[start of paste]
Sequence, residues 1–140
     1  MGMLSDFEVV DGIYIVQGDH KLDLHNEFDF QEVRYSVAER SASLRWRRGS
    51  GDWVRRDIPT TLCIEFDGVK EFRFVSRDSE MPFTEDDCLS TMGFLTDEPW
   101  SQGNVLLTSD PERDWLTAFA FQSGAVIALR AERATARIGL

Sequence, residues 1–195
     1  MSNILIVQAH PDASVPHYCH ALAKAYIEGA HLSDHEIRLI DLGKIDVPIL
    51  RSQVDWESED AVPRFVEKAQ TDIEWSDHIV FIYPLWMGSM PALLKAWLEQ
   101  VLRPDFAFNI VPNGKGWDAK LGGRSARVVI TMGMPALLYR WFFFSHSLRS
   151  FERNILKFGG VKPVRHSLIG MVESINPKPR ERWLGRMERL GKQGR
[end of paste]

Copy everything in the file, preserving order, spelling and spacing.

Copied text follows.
Sequence, residues 1–140
     1  MGMLSDFEVV DGIYIVQGDH KLDLHNEFDF QEVRYSVAER SASLRWRRGS
    51  GDWVRRDIPT TLCIEFDGVK EFRFVSRDSE MPFTEDDCLS TMGFLTDEPW
   101  SQGNVLLTSD PERDWLTAFA FQSGAVIALR AERATARIGL

Sequence, residues 1–195
     1  MSNILIVQAH PDASVPHYCH ALAKAYIEGA HLSDHEIRLI DLGKIDVPIL
    51  RSQVDWESED AVPRFVEKAQ TDIEWSDHIV FIYPLWMGSM PALLKAWLEQ
   101  VLRPDFAFNI VPNGKGWDAK LGGRSARVVI TMGMPALLYR WFFFSHSLRS
   151  FERNILKFGG VKPVRHSLIG MVESINPKPR ERWLGRMERL GKQGR